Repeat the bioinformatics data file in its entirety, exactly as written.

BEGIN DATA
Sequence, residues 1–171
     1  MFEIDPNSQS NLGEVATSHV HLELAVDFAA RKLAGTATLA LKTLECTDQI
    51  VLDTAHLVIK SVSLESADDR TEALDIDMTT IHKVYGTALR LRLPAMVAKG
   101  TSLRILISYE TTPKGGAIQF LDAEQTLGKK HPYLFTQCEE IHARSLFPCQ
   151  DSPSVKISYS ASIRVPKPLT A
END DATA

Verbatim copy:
Sequence, residues 1–171
     1  MFEIDPNSQS NLGEVATSHV HLELAVDFAA RKLAGTATLA LKTLECTDQI
    51  VLDTAHLVIK SVSLESADDR TEALDIDMTT IHKVYGTALR LRLPAMVAKG
   101  TSLRILISYE TTPKGGAIQF LDAEQTLGKK HPYLFTQCEE IHARSLFPCQ
   151  DSPSVKISYS ASIRVPKPLT A